FERPA: Protecting Your Privacy One Unhappy Parent at a Time
That brings us to another point that will save you some heartache down the road. The Family Education Rights and Privacy Act (FERPA) is the educational version of the HIPPA law. FERPA protects the privacy and identity of the student and parent.
As a parent, what this means for you is that even though the burden of paying for your child’s education might fall squarely on your shoulders, a college cannot give out personal information about your student’s account without their express written permission. I get phone calls every day from a parent wanting to know what is wrong with their student’s bill or why their FAFSA has not been processed. If your student has not signed an information release form, we cannot give out any information.
FERPA also protects a college from giving out income and tax information to one parent versus another parent in the case of separation or divorce. The moral of the story is, if you want access you must ask your student to sign an information release form that will give you access to the financial side of their student account. No release form, no information. This form can typically be found in the Registrar or Student Records office at your college.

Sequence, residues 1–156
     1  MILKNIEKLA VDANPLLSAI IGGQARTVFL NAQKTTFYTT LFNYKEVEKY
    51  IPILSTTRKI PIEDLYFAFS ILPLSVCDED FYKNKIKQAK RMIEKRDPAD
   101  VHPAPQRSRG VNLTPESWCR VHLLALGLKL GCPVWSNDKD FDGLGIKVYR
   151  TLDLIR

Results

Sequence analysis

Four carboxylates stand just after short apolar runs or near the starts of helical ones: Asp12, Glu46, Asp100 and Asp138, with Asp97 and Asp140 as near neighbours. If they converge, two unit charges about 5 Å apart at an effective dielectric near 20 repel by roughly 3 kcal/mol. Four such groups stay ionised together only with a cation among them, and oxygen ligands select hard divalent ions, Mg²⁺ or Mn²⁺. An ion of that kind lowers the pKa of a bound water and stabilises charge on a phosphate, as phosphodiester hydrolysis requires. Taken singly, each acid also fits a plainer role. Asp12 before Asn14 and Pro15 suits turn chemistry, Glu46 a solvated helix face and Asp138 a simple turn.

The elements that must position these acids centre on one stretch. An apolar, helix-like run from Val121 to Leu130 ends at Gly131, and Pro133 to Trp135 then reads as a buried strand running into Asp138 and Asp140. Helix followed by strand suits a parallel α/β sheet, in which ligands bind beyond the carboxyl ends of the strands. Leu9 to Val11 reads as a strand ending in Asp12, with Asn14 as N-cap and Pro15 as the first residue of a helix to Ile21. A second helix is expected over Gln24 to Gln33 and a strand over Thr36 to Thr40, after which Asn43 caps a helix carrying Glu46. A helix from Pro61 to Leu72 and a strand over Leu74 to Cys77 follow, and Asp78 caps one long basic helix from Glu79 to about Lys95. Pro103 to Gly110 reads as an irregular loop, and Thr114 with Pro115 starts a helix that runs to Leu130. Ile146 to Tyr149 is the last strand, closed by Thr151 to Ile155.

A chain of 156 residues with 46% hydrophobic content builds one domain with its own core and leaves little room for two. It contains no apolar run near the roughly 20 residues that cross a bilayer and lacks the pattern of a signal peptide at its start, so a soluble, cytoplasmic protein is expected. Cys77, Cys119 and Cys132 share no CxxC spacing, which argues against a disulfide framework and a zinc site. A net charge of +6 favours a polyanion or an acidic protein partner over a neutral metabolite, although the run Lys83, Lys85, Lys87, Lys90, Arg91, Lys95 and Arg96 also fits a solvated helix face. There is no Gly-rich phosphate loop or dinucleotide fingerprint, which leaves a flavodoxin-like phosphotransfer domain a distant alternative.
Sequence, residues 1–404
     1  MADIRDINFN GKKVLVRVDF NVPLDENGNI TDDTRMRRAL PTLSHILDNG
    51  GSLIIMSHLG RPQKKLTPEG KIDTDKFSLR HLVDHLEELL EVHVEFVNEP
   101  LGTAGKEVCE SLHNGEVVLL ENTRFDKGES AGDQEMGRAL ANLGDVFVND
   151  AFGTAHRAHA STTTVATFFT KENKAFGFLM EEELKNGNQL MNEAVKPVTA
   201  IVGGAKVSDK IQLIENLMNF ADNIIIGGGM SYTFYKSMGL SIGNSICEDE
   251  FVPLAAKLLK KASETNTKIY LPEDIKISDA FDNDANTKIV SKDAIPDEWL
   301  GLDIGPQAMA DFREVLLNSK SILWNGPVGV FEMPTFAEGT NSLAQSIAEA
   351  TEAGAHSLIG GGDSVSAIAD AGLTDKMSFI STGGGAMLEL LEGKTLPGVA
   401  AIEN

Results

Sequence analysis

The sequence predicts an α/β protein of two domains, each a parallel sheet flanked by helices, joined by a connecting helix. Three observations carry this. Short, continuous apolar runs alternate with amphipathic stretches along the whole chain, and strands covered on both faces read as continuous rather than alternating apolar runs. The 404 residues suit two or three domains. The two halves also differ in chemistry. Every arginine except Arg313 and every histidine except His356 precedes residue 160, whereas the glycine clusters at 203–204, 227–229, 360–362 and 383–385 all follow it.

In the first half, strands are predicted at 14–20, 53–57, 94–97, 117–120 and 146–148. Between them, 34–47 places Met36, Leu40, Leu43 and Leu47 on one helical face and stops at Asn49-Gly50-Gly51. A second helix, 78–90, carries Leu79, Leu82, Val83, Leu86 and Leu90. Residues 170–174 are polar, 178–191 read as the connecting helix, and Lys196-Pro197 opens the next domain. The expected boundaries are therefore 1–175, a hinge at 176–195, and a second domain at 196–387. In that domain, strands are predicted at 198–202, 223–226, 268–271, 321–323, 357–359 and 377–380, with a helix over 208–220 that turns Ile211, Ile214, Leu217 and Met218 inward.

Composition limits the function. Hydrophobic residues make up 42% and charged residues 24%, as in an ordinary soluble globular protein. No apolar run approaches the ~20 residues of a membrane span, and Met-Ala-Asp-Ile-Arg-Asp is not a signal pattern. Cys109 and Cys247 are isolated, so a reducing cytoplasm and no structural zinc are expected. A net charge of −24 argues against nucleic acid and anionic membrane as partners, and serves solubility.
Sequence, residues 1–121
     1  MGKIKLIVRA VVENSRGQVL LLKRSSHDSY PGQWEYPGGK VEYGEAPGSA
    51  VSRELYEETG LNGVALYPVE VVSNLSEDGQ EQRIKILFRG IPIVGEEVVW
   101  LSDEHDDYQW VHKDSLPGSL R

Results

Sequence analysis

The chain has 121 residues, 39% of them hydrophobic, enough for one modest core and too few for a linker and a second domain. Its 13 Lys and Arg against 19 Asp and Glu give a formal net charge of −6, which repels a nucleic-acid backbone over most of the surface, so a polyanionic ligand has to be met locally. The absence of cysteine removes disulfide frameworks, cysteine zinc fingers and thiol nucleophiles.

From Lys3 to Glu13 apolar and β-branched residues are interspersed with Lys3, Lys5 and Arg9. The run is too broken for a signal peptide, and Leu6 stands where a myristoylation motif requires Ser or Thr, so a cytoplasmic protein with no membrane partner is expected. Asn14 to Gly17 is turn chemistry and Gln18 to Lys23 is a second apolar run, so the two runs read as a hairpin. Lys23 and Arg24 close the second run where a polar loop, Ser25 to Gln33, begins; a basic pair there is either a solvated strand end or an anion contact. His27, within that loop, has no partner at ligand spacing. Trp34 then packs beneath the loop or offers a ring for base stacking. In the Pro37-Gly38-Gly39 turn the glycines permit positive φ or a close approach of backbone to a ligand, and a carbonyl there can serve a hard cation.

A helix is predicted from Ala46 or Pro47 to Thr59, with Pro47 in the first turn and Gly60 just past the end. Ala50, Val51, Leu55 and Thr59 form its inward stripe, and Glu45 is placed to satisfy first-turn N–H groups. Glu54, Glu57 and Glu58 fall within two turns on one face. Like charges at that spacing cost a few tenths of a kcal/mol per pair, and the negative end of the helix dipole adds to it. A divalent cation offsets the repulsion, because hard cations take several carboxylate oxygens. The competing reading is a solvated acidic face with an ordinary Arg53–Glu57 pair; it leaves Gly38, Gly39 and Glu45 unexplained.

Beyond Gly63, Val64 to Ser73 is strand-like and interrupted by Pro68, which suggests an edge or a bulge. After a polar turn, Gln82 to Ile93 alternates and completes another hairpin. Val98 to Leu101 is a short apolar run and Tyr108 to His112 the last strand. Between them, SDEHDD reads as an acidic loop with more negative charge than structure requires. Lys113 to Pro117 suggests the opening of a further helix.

Reviewing Your Award Letter
Once you submit your admissions application and your FAFSA, you will receive a financial aid award letter back in the mail (or online for many colleges). On this award letter you will see all of the awards that you have, and you can compare that to your estimated fees for a close picture of what your net cost will be (By October 31, 2011, all colleges are required to have a net price calculator on their website that will allow every student to estimate their “net price of attendance”, or how much money for college they will actually need, based on personal identifiers.).
On this award summary you will likely see any federal or state grants that you qualify for, scholarships that you were awarded through your school, state, or local and national organizations, a Federal College Work-Study if you requested one, and any student loans that you have requested.
It is very important to maximize your free grant and scholarship funds first, before taking out student loans. Just like with a mortgage broker who will get you to buy more house than you can afford, often times you are offered more student loans than you absolutely need.
It is your responsibility to limit these loans to the absolute necessities. Once you have reviewed your award letter, you should submit it back to your financial aid office by their deadline, and wait for those funds to be credited to your student bill at the beginning of the semester.
Once this has been submitted, you can focus on actually taking classes and graduating as soon as possible!